Stephen Pfeiffer practices litigation, criminal law, corporate law, environmental law, labor and employment—in other words, all kinds of law. Pfeiffer, a recent Regent University law school grad who practices for a sizeable secular law firm in Hampton Roads, Virginia, says he isn't trying to change the law, but to use it.

"My goal in becoming a lawyer has never been to take on unjust laws," he says. "It is to be able to work with people and demonstrate integrity and excellence. That's how I am going to change the world, by the way I conduct myself."

He recalls one criminal case in which he suspected a client wanted to make an untruthful statement before the court. "I gathered it was not the truth so I called him on it," Pfeiffer says. "I told him, 'I want to know the truth whether it hurts me or helps me. Not only is it against the rules of Virginia [to mislead the court], but as a Christian I can't allow that.'"

Afterwards the client thanked Pfeiffer for his representation, including holding on to the truth. "It was really strange to have an attorney hold me to the truth," the client said, but he was grateful that he had been reminded of what was right.

In civil litigation Pfeiffer sometimes encounters opposing attorneys who use questionable tactics, often just to incite the other attorney's wrath. "We all go to war for our client," Pfeiffer says, "but some are using biological warfare." Pfeiffer says he refuses to fight fire with fire, stopping short of vengeance in the legal process.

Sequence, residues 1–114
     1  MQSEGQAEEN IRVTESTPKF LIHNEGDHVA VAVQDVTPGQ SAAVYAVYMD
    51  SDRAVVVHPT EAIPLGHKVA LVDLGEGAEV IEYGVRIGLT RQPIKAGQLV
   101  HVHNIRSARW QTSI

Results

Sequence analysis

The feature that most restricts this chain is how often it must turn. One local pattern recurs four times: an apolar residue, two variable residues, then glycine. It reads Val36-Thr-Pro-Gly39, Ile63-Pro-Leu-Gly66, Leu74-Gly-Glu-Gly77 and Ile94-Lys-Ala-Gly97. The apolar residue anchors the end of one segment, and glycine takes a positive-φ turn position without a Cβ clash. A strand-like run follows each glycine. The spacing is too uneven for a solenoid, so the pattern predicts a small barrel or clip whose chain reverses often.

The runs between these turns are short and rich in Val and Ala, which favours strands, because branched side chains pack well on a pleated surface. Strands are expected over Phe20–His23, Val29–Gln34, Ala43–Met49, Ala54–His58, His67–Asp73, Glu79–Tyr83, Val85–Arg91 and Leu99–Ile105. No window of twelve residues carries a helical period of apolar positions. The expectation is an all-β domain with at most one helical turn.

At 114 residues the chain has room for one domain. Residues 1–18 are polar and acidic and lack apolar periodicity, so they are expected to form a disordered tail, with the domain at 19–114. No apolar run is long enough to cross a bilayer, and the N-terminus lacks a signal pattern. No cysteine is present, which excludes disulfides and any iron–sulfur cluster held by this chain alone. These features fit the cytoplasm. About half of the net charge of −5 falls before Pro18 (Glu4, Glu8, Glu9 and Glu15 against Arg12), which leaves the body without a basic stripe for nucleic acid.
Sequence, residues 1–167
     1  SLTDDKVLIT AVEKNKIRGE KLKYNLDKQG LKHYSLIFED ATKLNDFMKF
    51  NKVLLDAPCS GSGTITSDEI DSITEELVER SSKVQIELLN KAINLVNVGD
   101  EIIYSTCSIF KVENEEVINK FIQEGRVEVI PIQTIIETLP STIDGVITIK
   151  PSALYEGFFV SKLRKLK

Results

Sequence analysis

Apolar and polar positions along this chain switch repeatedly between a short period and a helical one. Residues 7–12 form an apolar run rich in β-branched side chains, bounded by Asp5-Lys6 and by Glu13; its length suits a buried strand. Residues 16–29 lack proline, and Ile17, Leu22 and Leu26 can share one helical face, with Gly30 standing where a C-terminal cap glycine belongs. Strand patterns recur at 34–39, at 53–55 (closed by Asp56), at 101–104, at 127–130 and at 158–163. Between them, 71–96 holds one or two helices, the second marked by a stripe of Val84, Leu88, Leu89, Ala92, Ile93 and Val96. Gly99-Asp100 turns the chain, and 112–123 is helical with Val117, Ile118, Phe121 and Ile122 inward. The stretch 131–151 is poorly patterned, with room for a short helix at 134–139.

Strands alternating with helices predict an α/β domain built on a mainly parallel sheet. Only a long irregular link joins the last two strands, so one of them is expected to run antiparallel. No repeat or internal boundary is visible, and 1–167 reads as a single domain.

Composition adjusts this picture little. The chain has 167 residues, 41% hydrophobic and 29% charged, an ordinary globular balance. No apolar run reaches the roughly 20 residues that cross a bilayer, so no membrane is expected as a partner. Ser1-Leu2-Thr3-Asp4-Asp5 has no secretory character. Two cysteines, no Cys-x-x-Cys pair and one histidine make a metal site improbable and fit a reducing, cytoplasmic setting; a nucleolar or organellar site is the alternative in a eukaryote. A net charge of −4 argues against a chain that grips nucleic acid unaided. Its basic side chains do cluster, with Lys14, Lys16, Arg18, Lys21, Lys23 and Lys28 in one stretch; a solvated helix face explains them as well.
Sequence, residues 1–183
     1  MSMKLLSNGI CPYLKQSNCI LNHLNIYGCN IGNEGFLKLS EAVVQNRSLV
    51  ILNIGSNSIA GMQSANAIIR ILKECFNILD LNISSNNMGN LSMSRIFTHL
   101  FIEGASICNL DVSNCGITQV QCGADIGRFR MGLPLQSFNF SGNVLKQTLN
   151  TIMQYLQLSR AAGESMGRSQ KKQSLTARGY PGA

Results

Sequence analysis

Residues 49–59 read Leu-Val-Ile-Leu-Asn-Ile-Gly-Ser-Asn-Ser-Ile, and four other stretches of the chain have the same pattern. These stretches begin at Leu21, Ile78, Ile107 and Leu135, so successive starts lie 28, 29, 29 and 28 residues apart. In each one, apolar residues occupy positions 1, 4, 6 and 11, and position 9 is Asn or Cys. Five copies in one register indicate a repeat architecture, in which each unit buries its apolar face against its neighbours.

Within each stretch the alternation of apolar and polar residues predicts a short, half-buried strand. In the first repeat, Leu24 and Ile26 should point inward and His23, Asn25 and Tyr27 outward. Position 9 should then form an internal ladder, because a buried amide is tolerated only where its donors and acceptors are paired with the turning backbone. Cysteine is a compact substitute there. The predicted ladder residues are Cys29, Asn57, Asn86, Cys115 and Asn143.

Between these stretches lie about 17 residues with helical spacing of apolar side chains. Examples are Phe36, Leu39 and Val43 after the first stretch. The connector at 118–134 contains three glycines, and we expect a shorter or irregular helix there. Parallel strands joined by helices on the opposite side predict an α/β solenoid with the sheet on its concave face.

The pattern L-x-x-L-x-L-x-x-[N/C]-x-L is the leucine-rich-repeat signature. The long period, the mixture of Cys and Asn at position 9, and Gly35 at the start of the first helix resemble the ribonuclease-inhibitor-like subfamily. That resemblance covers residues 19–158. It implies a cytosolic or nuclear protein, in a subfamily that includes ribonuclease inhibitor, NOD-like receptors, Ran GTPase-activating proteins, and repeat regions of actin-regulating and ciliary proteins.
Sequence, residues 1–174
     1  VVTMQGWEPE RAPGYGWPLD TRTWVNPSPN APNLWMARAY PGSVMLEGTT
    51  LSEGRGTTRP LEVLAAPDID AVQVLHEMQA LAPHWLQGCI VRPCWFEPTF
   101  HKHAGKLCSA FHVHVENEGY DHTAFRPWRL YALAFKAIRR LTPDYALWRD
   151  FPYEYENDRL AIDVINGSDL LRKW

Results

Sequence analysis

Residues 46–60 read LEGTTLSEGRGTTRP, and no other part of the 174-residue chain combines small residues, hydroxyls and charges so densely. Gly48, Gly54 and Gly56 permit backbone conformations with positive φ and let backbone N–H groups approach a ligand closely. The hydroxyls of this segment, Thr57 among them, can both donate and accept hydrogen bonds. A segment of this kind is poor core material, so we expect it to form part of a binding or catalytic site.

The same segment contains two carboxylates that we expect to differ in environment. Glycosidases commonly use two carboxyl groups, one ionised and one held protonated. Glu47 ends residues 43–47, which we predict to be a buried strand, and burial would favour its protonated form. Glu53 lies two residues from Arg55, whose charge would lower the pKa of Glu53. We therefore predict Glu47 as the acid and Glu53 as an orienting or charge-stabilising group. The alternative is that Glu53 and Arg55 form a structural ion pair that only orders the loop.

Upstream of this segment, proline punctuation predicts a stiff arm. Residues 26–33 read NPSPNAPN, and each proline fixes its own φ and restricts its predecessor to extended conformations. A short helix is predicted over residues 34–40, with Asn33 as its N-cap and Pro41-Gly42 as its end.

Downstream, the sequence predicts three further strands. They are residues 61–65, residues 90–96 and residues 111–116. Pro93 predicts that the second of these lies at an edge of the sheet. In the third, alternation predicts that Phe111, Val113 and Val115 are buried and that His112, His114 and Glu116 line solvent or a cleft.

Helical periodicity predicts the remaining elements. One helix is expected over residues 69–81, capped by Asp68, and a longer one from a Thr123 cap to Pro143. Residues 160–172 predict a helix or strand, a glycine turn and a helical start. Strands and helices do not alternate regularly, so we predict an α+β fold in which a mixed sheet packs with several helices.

Pfeiffer says his faith also precludes him from taking advantage of his clients. "Any civil attorney can find a million frivolous things to file on, but it's almost stealing," he says. "Why file it if it's not going to advance my client's case? It's a big temptation to raise billable hours."

Pfeiffer says his goal is to serve. "Pretty much [with] every case I feel I can help somebody," he says. "People don't come to an attorney unless they need help. For them, it's often the most important issue in their life. I can't always get them to resolve the issue between themselves, but at least I can always be a source of stability and listen to them—to make them feel important because they are important to me. I just try to treat them well.

"I rarely mention that I am a Christian unless someone asks. I had one client who said to me, 'I know you are a Christian.' I said, 'Oh, how is that?' He said, 'I just knew there was something about you, the way you treat me and talk to me.' That was an amazing compliment, and I give the credit to the Lord for using me that way. I really want my actions to speak loudly to people."

Related Elsewhere:

"Redeeming Law," about Christian law schools, accompanied this article.

Other articles on law are available on our website.

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